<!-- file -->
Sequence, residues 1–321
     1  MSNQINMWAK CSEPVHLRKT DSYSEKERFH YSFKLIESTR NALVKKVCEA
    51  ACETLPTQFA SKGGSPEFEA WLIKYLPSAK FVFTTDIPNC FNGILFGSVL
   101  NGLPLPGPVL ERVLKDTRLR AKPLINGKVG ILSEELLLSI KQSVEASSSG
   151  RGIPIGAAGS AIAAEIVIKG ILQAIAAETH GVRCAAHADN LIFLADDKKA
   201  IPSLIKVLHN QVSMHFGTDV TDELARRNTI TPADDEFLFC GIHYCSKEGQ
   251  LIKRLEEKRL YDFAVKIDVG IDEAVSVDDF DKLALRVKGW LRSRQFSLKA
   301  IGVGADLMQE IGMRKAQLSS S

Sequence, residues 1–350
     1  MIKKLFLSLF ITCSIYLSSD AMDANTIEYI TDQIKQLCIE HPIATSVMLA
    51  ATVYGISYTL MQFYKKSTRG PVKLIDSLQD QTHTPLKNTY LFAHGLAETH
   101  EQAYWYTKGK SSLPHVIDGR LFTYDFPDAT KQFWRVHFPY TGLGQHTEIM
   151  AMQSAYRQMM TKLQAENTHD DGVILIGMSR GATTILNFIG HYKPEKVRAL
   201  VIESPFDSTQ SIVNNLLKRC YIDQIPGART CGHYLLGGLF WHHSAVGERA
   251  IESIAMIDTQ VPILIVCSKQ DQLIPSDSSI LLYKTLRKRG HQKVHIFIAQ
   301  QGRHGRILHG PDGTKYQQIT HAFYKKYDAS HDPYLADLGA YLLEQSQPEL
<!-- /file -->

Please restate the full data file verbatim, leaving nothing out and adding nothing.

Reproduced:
Sequence, residues 1–321
     1  MSNQINMWAK CSEPVHLRKT DSYSEKERFH YSFKLIESTR NALVKKVCEA
    51  ACETLPTQFA SKGGSPEFEA WLIKYLPSAK FVFTTDIPNC FNGILFGSVL
   101  NGLPLPGPVL ERVLKDTRLR AKPLINGKVG ILSEELLLSI KQSVEASSSG
   151  RGIPIGAAGS AIAAEIVIKG ILQAIAAETH GVRCAAHADN LIFLADDKKA
   201  IPSLIKVLHN QVSMHFGTDV TDELARRNTI TPADDEFLFC GIHYCSKEGQ
   251  LIKRLEEKRL YDFAVKIDVG IDEAVSVDDF DKLALRVKGW LRSRQFSLKA
   301  IGVGADLMQE IGMRKAQLSS S

Sequence, residues 1–350
     1  MIKKLFLSLF ITCSIYLSSD AMDANTIEYI TDQIKQLCIE HPIATSVMLA
    51  ATVYGISYTL MQFYKKSTRG PVKLIDSLQD QTHTPLKNTY LFAHGLAETH
   101  EQAYWYTKGK SSLPHVIDGR LFTYDFPDAT KQFWRVHFPY TGLGQHTEIM
   151  AMQSAYRQMM TKLQAENTHD DGVILIGMSR GATTILNFIG HYKPEKVRAL
   201  VIESPFDSTQ SIVNNLLKRC YIDQIPGART CGHYLLGGLF WHHSAVGERA
   251  IESIAMIDTQ VPILIVCSKQ DQLIPSDSSI LLYKTLRKRG HQKVHIFIAQ
   301  QGRHGRILHG PDGTKYQQIT HAFYKKYDAS HDPYLADLGA YLLEQSQPEL